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Court Affirms Human Life Begins at Conception in Indiana Case

by Steven Ertelt | Indianapolis, IN | LifeNews.com | 6/28/11 10:59 AM

State

The state of Indiana may have lost the most recent battle in what will be a lengthy lawsuit concerning its ability to de-fund the Planned Parenthood abortion business, but two pro-life legal groups say there is a silver lining.

U.S. District Judge Tanya Walton Pratt granted Planned Parenthood’s request for a preliminary injunction in a lawsuit filed after Republican Governor Mitch Daniels signed the law in May. Judge Pratt also blocked a portion of the law requiring abortion practitioners to tell women considering an abortion that their unborn child will feel pain as early as 20 weeks into pregnancy. However, she rejected Planned Parenthood’s request that a part of the law be blocked that women be told before an abortion that “human physical life begins when a human ovum is fertilized by a human sperm.”

The order explained that “the language crafted by the legislature in this provision supports a finding that the mandated statement refers exclusively to a growing organism that is a member of the Homo sapiens species.”

Steve Aden, a pro-life attorney with the Alliance Defense Fund, hailed that portion of the ruling in comments LifeNews received.

“No one should be allowed to decide that an innocent life is worthless. Abortionists have done this by telling women that a pre-born baby is just a batch of cells instead of what he or she actually is: a human being. This law ends that deception in Indiana,” he said. “All the court did was recognize the indisputable fact that a biological human life begins at conception. It is false to say anything else.”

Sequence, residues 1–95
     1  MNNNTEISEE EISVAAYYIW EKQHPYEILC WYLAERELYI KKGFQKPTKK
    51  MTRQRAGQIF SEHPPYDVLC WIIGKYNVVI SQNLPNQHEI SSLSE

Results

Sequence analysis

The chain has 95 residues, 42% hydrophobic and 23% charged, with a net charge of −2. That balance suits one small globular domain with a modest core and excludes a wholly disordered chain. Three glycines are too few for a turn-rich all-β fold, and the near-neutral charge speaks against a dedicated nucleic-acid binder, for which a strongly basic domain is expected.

The court also disagreed with Planned Parenthood’s argument that the statement is “misleading.”

“Here, the mandated statement states only a biological fact relating to the development of the living organism; therefore, it may be reasonably read to provide accurate, non-misleading information to the patient,” the court wrote. “Under Indiana law, a physician must disclose the facts and risks of a treatment which a reasonably prudent physician would be expected to disclose under like circumstances, and which a reasonable person would want to know.”

Tom Brejcha, president and chief counsel of the Thomas More Society, also said this portion of the ruling is a pro-life victory. Last month, the Thomas More Society filed a “friend of the Court” brief for Indiana legislators in defense of Indiana’s law.

“We are pleased that Judge Pratt has upheld the concept that life begins at conception,” he said.

“While this is a significant partial victory for Life, we will press on to ensure that the full law will go into effect to defund Planned Parenthood in Indiana,” Brejcha added. “We stand ready to defend Life in other states as they plan to defund Planned Parenthood and require doctors to tell women that life begins at conception.”

Bryan Crobin, a spokesman for Indiana Attorney General Greg Zoeller, said the state will likely appeal the decision concerning the Planned Parenthood funding.